The word “Trinity” is a compound of tri “three” and unity “one.” God is three-one, he is Triune. The “three” refers to Father, Son, and Holy Spirit. The “one” refers to the fact that Father, Son, and Holy Spirit is one God. Yet they are not parts of God, like a pie divided into thirds that when put together make one God. Father, Son, and Holy Spirit are each fully God. Yet we do not have three gods, but one God.
The Church took up the language of “persons” and “substance” to talk about this. The persons are three, the substance is one. We do not confuse the persons, saying that the Father is the Son or the Holy Spirit is the Father, nor do we say that sometimes God is the Father and sometimes the Son, as if one God simply put on different masks. We also do not divide the substance, meaning that we don’t turn one God into three gods, nor do we divide the essence of God into three persons of the Trinity the way that a waiter pours water from one pitcher into three glasses. You’ll notice there are plenty of analogies for what we don’t believe about the Trinity, but there is not an analogy for what we do believe. We simply confess the truth: “Just as we are compelled by the Christian truth to acknowledge each distinct person as God and Lord, so also we are prohibited by the catholic religion to say that there are three Gods or Lords.”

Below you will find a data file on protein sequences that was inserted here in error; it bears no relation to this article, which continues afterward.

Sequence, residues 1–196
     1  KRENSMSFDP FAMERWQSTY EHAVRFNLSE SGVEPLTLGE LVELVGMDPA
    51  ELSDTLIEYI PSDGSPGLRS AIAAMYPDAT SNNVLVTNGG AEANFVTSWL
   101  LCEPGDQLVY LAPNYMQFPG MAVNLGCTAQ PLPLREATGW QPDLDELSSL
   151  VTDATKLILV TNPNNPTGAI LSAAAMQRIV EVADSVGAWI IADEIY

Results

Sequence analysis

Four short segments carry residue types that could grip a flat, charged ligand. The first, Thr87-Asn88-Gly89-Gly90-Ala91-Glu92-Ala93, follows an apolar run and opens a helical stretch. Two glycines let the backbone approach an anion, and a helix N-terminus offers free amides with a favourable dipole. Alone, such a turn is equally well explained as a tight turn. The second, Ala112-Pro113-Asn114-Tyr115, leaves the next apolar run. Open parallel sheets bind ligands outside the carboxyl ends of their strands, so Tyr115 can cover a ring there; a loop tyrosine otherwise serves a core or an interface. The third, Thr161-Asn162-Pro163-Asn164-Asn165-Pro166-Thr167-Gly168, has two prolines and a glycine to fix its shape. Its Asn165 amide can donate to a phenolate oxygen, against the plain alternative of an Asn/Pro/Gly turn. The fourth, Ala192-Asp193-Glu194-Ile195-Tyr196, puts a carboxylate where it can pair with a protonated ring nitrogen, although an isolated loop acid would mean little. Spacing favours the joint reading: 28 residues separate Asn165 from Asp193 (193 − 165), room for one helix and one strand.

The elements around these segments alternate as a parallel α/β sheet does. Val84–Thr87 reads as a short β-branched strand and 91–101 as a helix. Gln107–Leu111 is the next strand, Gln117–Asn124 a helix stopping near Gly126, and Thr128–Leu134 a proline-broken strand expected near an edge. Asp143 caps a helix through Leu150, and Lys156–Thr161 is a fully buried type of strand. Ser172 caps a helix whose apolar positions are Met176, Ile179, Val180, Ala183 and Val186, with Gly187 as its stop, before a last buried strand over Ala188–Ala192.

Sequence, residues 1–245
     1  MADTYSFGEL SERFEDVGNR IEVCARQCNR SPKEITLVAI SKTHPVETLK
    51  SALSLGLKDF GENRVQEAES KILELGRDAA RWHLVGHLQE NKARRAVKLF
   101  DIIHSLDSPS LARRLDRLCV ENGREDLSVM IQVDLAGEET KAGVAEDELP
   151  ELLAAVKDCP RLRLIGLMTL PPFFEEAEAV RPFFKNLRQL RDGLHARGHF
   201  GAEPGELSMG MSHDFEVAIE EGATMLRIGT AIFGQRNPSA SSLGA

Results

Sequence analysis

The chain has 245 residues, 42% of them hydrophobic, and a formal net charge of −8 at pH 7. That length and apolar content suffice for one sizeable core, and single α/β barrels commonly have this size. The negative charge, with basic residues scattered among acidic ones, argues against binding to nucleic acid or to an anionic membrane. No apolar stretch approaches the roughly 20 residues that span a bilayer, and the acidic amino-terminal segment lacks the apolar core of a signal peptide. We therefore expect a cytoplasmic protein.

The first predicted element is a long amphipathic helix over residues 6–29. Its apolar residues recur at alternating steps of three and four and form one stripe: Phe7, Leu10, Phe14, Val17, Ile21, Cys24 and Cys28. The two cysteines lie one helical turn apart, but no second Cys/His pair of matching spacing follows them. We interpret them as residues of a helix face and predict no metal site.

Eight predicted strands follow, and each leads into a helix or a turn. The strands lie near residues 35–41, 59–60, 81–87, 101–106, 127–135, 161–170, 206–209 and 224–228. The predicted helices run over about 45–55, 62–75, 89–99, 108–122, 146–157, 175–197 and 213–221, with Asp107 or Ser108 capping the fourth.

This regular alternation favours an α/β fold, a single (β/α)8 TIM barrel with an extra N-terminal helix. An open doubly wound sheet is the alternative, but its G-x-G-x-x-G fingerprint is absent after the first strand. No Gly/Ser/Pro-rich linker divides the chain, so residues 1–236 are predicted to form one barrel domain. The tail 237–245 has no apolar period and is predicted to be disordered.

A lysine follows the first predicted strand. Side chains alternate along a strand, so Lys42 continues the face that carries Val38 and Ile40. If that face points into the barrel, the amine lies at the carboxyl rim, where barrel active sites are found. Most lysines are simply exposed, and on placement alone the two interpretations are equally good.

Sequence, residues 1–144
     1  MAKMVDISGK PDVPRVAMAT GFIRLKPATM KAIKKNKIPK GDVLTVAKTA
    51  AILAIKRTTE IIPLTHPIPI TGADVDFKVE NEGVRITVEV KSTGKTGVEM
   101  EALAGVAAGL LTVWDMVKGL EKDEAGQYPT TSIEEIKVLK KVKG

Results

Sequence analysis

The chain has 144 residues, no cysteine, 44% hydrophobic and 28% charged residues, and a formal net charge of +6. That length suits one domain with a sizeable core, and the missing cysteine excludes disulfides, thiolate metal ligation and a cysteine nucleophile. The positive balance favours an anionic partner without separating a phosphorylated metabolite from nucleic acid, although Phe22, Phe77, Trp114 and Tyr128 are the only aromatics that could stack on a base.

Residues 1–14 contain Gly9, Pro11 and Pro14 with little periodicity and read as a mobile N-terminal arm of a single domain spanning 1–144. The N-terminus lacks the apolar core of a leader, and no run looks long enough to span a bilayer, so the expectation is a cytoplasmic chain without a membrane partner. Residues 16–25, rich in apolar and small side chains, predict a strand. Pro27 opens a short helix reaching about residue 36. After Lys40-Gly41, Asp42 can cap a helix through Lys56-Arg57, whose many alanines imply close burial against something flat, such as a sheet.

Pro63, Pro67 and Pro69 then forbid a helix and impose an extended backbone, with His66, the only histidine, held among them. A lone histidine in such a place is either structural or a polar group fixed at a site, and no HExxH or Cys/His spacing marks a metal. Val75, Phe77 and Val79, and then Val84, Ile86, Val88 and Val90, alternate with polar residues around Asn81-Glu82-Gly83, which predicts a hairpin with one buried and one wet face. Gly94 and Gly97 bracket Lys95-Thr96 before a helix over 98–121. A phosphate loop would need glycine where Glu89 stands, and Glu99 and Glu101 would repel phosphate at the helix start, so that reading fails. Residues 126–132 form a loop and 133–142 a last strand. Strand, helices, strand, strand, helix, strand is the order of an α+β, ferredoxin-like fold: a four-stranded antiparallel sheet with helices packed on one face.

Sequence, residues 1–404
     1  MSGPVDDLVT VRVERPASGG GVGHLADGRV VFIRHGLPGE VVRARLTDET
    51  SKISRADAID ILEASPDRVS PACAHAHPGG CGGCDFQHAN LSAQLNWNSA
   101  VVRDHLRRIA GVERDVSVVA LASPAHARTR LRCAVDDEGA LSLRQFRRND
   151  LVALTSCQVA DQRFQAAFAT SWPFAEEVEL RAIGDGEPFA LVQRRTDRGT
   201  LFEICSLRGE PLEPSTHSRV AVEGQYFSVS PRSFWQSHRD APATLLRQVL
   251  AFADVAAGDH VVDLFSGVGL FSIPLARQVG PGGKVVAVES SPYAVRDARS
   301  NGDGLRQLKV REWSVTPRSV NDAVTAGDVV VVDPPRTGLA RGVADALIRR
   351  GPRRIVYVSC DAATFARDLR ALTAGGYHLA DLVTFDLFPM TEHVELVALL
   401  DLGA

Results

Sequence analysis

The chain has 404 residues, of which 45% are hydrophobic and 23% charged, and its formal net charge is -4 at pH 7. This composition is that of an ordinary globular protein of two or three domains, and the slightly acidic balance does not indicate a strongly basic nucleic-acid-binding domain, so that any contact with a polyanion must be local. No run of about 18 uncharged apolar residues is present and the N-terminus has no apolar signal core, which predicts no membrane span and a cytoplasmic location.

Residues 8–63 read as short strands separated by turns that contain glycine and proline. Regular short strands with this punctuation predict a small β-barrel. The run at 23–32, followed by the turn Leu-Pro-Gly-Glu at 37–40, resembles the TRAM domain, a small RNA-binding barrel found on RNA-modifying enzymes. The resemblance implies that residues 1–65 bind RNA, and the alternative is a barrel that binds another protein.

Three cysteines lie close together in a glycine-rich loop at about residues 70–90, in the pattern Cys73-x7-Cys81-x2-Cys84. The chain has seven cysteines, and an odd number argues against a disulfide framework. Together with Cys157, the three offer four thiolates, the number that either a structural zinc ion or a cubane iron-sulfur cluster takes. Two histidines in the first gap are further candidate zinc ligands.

We see this clearly enough in the Scriptures. In the beginning, God created the heavens and the earth, the Spirit hovered over the face of the deep, and God said, “Let there be light.” The Father spoke, the Spirit brooded, and the Son is the creative Word that was spoken, as it says in John 1, “In the beginning was the Word, and the Word was with God, and the Word was God.” All three persons of the Trinity are present together at the creation; so also at the baptism of Jesus. But it says in Deuteronomy 6, “Hear, O Israel, the Lord our God the Lord is one,” and so we must keep in mind when we consider the creation or Jesus’ baptism that there are not three gods present, but one God.
The Trinity is one of the great mysteries of the Christian faith. When we’re confronted by one of God’s mysteries there’s a question we like to ask. Nicodemus asks the question in John 3:9 concerning the mystery of Holy Baptism. He asks, “How can these things be?” How? That’s the question we’re inclined to ask. But when it comes to the mysteries of God, if you ask “how?” and then think you’ve figured out the answer, all you’ve really figured out is heresy, and probably not a new heresy. Or to put it another way, when it comes to the mysteries of God, human reason only gets in the way and leads us astray.